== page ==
Perhaps thinking about our own car behaviour is an area worth considering? Do we need to drive everywhere? Do we need 2 cars? The recently widened pavements (and newly planted trees) provide safer and more enjoyable walking routes, whilst an increase in cycle parking could tempt the more courageous amongst us, but granted, if venturing any further afield than the town centre, active travel will prove quite a challenge! Equally, with many public transport routes running longitudinally, this is not always a practical option, especially for residents travelling to the East and West of the area, or those doing big shops. For residents with mobility difficulties, both active travel and public transport may not be viable options. So while our dependency on cars needs to drastically decrease, realistically this is often easier said than done.

 

Parking has been a contentious issue in town for some time. Doing away with parking altogether is is obviously neither practical or sensible, but if we are to get a handle on local air pollution,  public transport needs to offer the best value for money, and considering that annual maintenance costs for surface car parking spaces is between £500 and £1,000 per space, free parking really isn't a viable option. A more workable solution would be to offer free parking for a limited time e.g. 1 hour, and / or big businesses could subsidise the parking fees for their customers (like cinemas, gyms and restaurants do in many places). On a positive note, rumour has it that a car club will soon be opening on St Alban's road, meaning that local residents who only need a car occasionally, don't actually need to own one! And then of course over the next 9 years we will be seeing a rapid transition to electric vehicles. While there are still environmental concerns linked to EVs, in terms of air quality and local pollution, they will make a significant difference. Now we just wait to hear how electric charging points are going to be installed along all the pavements, and for owning an EV to become more affordable.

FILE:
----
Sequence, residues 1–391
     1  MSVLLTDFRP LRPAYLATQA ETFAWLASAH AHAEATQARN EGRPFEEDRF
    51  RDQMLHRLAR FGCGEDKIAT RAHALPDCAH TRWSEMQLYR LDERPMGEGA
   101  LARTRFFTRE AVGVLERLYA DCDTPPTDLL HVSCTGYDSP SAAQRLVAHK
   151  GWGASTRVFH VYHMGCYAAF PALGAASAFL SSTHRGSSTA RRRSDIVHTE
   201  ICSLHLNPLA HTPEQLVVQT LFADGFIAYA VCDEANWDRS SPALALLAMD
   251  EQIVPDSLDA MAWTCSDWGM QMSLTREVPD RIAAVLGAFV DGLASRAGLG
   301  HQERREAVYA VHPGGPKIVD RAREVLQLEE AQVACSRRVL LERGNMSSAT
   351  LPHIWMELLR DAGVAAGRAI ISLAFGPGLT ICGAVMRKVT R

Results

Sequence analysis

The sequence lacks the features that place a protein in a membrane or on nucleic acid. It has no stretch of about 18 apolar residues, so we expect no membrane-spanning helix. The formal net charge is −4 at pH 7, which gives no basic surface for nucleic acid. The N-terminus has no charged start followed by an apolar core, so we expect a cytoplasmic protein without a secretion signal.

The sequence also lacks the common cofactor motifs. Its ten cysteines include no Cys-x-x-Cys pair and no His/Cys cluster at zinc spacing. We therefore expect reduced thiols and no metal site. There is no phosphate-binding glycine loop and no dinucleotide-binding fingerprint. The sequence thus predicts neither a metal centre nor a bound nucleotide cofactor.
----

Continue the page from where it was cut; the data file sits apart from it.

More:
Thinking about the issue holistically, however, there are many societal and economic considerations that need to be addressed. As consumers we need to build healthier shopping habits including shopping locally, and maybe a bit less. Policy-makers need to build incentives into behaviour modification strategies and infrastructure needs to be almost completely overhauled. We have an interesting decade ahead, and yes the task is ginormous, but don't underestimate the impact that little small, individual changes can make.